Still, Elizabeth-Ann, who also holds the C Division girls’ record of 12.41s, paid tribute to her teammates’ help in pushing her during school training. Besides Bernice’s silver placing, high jump champion Jade Chew finished fifth in 12.78s, sandwiching SSP’s Thaarani Sivakumar (12.71s) and Cedar Girls’ Choo Hui Xin (12.77s) in third and fourth place.
“It’s better because you have someone to chase during training, rather than always running alone,” said Elizabeth-Ann. “Like if I train alone, I would only know how to run by myself, but in terms of competition, at least I know I’ve experienced running with someone already.”
Later in the afternoon, Elizabeth-Ann, Bernice and Jade teamed up with Angelina Ng to strike gold again in the 4x100m relay — missing out on the meet record by 0.08s — while Elizabeth-Ann and Bernice joined forces with Elsie Woo and Wu Shu Han for another victory in the 4x400m relay.
With her quadruple gold medal haul, Elizabeth-Ann was quick to pour out her gratitude for her pillars of support over the course of her schools track career.
She said: “I am extremely grateful to my school teachers — Mr James Ong, Ms Cho Wen Jing, Ms Delphine Tan and Mr Lim Chow Hoon — for nurturing us and always putting the students’ interest and well being first before everything else.
“My school coaches — current coaches Mr Melvin Tan and Ms Tan Yew Ling — and former coach Mr Tan Kim Seng, for imparting to us not only athletics skills but also values such as courage, resilience, humility, and graciousness.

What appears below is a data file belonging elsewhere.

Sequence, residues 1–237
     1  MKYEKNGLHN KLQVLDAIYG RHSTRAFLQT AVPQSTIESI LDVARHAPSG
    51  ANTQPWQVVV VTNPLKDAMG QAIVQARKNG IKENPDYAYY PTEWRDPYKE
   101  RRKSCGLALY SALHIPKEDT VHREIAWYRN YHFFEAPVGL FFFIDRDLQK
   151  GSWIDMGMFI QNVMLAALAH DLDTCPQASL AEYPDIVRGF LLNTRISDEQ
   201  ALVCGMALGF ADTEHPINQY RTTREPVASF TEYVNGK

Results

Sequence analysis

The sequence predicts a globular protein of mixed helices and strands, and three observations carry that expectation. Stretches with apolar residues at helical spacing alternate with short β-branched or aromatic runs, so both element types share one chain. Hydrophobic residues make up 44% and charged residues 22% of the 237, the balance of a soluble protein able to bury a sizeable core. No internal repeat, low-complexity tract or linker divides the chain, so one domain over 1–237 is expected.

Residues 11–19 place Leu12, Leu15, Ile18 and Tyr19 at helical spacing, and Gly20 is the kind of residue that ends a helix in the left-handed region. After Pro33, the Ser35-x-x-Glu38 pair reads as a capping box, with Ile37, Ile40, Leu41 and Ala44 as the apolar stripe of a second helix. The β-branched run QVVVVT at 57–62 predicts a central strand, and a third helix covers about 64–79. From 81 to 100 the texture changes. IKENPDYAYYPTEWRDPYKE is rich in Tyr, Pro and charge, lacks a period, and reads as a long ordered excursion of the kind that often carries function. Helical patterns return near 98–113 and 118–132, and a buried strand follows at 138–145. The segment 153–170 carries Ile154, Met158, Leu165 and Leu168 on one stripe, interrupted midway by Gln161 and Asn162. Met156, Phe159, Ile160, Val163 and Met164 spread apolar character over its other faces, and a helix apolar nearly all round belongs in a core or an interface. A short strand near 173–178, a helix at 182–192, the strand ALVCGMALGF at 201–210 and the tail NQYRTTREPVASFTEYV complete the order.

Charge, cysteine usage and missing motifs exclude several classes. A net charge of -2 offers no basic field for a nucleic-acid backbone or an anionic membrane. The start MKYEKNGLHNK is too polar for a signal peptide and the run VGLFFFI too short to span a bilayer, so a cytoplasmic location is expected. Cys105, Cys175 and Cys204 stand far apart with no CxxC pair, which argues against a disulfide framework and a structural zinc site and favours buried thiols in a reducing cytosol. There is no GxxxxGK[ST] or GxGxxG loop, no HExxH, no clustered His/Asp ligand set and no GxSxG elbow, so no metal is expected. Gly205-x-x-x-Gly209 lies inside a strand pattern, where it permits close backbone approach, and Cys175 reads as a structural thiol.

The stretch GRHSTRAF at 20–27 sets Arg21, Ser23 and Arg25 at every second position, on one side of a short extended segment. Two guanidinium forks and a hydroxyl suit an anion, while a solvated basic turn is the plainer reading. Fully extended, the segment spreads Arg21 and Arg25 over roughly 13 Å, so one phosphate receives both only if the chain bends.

“Mr Tan Kim Seng passed away earlier this year and I would like to dedicate my four gold medals to him. He often told me ‘Be fearless, even if your competitors are bigger and stronger’. I hold these words close to my heart in every race.
“Lastly, my parents and siblings, especially Trisha-Ann, for their unconditional love and support.”
B Division Girls’ 100m Hurdles Final – Results
1st Elizabeth-Ann Tan Shee Ru (#1038, Nanyang Girls’ High School) — 14.59 seconds (New CR)
2nd Tyeisha Rene Misson Khoo (#734, Singapore Sports School) — 15.80
3rd Dakshinnaah Paalu (#724, Singapore Sports School) — 16.71
4th Belynda Tan Suang Teng (#732, Singapore Sports School) — 16.73
5th Erika Lee (#886, Cedar Girls’ Secondary) — 16.81
6th Khoo Hui Qian (#820, National Junior College) — 17.05
7th Rachel Grace Pang (#898, Cedar Girls’ Secondary) — 17.20
8th Tessa Low Wen Lynn (#892, Cedar Girls’ Secondary) — 17.56
B Division Girls’ 100m Final – Results
1st Elizabeth-Ann Tan Shee Ru (#1038, Nanyang Girls’ High School) — 12.25 seconds (New CR)
2nd Bernice Liew Yee Ling (#1027, Nanyang Girls’ High School) — 12.43
3rd Thaarani D/O Sivakumar (#733, Singapore Sports School) — 12.71
4th Choo Hui Xin (#876, Cedar Girls’ Secondary) — 12.77
5th Jade Chew Yiu Tse (#1031, Nanyang Girls’ High School) — 12.78
6th Chandru Bhavika (#723, Singapore Sports School) — 12.98
7th Rylla Razlynn Bte Razaly (#900, Cedar Girls’ Secondary) — 13.16
8th Louisa Helena Janssen (#726, Singapore Sports School) — 13.25